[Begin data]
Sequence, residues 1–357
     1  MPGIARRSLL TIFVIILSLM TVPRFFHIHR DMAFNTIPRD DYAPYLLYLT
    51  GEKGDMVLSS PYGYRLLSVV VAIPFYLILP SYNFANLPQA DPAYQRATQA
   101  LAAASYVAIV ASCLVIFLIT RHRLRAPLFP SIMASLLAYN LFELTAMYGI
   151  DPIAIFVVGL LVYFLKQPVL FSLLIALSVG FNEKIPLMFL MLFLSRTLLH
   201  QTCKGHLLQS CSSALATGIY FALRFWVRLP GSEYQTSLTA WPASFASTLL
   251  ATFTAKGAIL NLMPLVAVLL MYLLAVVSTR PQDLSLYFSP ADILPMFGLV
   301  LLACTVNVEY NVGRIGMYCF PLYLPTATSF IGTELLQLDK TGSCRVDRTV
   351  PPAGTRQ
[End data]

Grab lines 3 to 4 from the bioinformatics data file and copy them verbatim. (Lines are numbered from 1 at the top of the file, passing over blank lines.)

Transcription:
    51  GEKGDMVLSS PYGYRLLSVV VAIPFYLILP SYNFANLPQA DPAYQRATQA
   101  LAAASYVAIV ASCLVIFLIT RHRLRAPLFP SIMASLLAYN LFELTAMYGI